How to see inside a guitar body if you don't have X-Ray Specs

Issue 99 October 29, 2009

My secret: here’s how I see inside a guitar to do bridge repairs!

Inside a guitar body

I ordered these X-ray specs from a comic book back in the 1960s, and they really work!

For seeing inside a guitar, nothing beats my vintage X-ray specs.

I bought ’em way back when they really did have X-ray powers! I think mine are the only working pair left (the ones they sell today are just a joke, in my opinion).

Dan with Martin 0-17

Unless they start reissuing the vintage glasses with real powers, you’ll need to find other ways to see inside guitars for repair work. You’ll want lights and mirrors (even with my specs, I still need good lighting).

I’m going inside this 1933 Martin 0-17 to repair the bridge. The 0-17 is a small, all-mahogany model that’s one of my favorites. If you find one for sale, snap it up — or call me!

This old Martin has bar frets, a kind of fret that you don’t often get a chance to see.

Barfret closeup

They’re not shaped like modern fretwire, they’re just simple strips of metal. (This isn't related to the repair I'm about to do, it’s just a detail of this old guitar I like so much.)

Fret shapes

The trouble with this guitar:

Someone lowered the saddle height, and they shaved down the top of the bridge until it’s become too thin. There’s not enough wood between the top of the bridge and the bottom of the bridge plate inside.

String winding on saddle

To add to the problem, the bridge pin holes inside are worn away so the string ends aren’t held down deep enough. You can see the windings on this E string coming right up onto the saddle, causing poor intonation.

Fret shapes problem

The arrow at left shows where I added new wood around the bridge pin holes using the BridgeSaver. The red shape is the frame of our flexible lighted inspection mirror. It magnifies and lights up what you’re looking at. It's on a bendable gooseneck and you can aim the mirror by turning a thumbwheel on the handle. It gives a good look at details inside. (It’s not X-ray specs, but it’s close!)

Lighted inspection mirror
Lighted inspection mirror

Check it out!


The BridgeSaver

Years of wear from string ends used to mean costly major surgery: a bridge plate replacement inside the guitar. This clever new tool puts new wood under every string while leaving the original bridge plate intact!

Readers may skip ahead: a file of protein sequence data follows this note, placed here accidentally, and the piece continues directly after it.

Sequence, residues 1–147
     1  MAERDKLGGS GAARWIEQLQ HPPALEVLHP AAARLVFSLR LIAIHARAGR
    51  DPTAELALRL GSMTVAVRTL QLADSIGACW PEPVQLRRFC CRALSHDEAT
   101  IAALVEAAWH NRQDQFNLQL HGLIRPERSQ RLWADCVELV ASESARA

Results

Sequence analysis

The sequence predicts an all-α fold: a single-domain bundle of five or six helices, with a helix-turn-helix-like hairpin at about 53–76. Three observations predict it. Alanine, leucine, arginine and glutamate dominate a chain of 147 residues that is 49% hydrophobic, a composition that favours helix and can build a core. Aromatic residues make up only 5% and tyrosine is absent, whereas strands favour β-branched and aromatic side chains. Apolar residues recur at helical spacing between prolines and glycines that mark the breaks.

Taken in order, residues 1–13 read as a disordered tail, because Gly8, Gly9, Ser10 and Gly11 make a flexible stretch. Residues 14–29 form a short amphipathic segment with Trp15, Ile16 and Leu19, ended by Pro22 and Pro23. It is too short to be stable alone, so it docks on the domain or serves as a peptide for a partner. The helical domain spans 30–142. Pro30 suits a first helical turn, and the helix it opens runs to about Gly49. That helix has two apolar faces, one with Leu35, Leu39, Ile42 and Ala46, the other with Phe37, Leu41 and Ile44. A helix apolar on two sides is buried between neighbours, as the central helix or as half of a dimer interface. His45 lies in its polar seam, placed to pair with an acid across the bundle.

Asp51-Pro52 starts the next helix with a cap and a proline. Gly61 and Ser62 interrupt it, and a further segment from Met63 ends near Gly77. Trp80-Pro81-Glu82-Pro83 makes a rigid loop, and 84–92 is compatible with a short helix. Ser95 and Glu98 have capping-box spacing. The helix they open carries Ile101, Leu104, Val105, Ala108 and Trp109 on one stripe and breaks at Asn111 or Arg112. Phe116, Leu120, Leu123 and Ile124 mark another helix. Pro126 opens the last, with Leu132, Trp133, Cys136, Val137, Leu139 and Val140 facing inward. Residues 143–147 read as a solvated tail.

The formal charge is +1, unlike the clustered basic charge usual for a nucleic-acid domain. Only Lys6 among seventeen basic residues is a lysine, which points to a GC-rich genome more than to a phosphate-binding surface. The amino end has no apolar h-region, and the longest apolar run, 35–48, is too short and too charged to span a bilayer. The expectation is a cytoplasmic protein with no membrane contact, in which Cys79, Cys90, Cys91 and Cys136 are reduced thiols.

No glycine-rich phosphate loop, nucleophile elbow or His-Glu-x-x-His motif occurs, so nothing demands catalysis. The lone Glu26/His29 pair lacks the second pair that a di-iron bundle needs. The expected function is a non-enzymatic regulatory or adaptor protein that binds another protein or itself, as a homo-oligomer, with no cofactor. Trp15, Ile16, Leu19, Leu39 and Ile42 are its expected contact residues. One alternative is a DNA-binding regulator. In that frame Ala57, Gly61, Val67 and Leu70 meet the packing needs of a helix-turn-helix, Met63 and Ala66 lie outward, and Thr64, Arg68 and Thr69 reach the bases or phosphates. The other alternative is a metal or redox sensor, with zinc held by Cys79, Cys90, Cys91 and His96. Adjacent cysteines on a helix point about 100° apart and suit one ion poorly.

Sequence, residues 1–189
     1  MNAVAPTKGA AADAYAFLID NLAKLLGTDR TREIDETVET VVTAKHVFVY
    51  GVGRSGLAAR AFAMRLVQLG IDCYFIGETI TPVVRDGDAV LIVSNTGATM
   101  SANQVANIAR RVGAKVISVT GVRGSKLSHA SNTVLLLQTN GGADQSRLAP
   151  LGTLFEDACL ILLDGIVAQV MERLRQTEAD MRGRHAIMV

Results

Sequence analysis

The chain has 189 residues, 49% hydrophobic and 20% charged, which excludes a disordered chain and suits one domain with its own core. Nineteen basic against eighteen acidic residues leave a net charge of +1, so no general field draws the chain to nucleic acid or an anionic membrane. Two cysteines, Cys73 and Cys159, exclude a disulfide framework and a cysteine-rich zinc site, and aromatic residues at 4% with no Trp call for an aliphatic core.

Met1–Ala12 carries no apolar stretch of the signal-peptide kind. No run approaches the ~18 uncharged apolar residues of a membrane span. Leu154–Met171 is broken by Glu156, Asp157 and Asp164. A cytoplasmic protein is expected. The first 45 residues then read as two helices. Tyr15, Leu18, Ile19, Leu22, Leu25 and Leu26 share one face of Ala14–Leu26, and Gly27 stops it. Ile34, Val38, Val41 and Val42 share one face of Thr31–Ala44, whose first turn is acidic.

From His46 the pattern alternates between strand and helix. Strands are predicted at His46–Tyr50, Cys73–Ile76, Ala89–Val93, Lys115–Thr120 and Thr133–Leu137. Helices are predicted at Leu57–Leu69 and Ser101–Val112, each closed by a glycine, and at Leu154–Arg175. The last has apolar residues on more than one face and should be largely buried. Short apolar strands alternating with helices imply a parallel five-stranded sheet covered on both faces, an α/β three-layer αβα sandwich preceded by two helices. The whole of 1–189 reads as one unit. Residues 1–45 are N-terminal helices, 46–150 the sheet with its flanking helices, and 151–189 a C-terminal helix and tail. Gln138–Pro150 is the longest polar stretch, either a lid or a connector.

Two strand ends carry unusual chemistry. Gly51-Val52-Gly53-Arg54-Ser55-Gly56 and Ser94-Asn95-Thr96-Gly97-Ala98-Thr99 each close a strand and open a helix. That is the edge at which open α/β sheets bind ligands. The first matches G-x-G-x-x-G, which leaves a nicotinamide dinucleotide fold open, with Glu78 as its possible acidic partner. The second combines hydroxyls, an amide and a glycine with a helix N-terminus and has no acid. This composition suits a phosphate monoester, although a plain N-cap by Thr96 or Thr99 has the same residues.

Here are those plugged holes, seen through a section of our 3-piece inspection mirror. We’re looking through the soundhole at the mirror laying on the back braces, letting us see the underside of the top.

Repaired bridge pin holes

BridgeSaver plugs have replaced the chewed-out bridge pin holes perfectly, but that doesn’t change the fact that this bridge plate is simply too thin — the string windings still ride up onto the saddle. (By the way, look at those nice delicate top braces on this 1933 Martin.)

A new bridge would fix the problem, but my customer wants to keep the original bridge despite its troubles. An easy solution would be a Plate Mate: a brass plate with six bridge pin holes, held in place by the string ball ends. It would add a little thickness while keeping the string ends properly positioned. But this small-bodied Martin’s unusual string spacing (2-3/8") doesn’t align with the Plate Mate.

Inspired by the Plate Mate, I made a patch of wood with six bridge pin holes to add thickness inside under the bridge plate.

I band-sawed a 4" x 7/8" piece of 1/8" hard maple and sanded it to a thickness of .135".

maple plate

I clamped the piece in place under the bridge with a set of bridge bolts.

Bridge bolts

These brass bolts go through the bridge pin holes to hold a bridge temporarily while you work. Because they have hollow shafts you can even string the guitar up through them. That’s what I did here, to prove that the added wood under the bridge fixed the problem.

The lower picture is an inside view of the bridge bolts before I put the strings on.

Bridge bolts inside view

I cut string notches in the maple plate using a bridge pin hole saw, and tapered the edges with a nut & saddle file so it wouldn't look too clunky.

Shaping the maple plate - Cutting string notches

I also filed an arch into one side of the plate so it was lightly domed to match the curve of the guitar top.

Shaping the maple plate

I ended up with a wooden plate that added the necessary thickness under the bridge.

Maple plate installed

On the inside the string ends were right where they’re supposed to be, and on the outside the windings were no longer peeking out.

String on saddle

For now, the strings are all that’s holding my wooden plate in. I can glue the plate in permanently, but I’ll wait and let the customer play it for awhile in order to see how this solution works out.

Another tool I like is the small inspection mirror on a telescoping shaft that I’ve used for years and years.

Inspection mirror

And I’ve found a really useful light used by band instrument repair shops: this is a Votaw #8001 saxophone inspection light, made for finding air leaks. It has a long lightweight cord connecting to a power supply. It’s an expensive light, but nothing beats it.

Inspection mirror 2

That’s what lights up most of the photos I shoot inside guitars.

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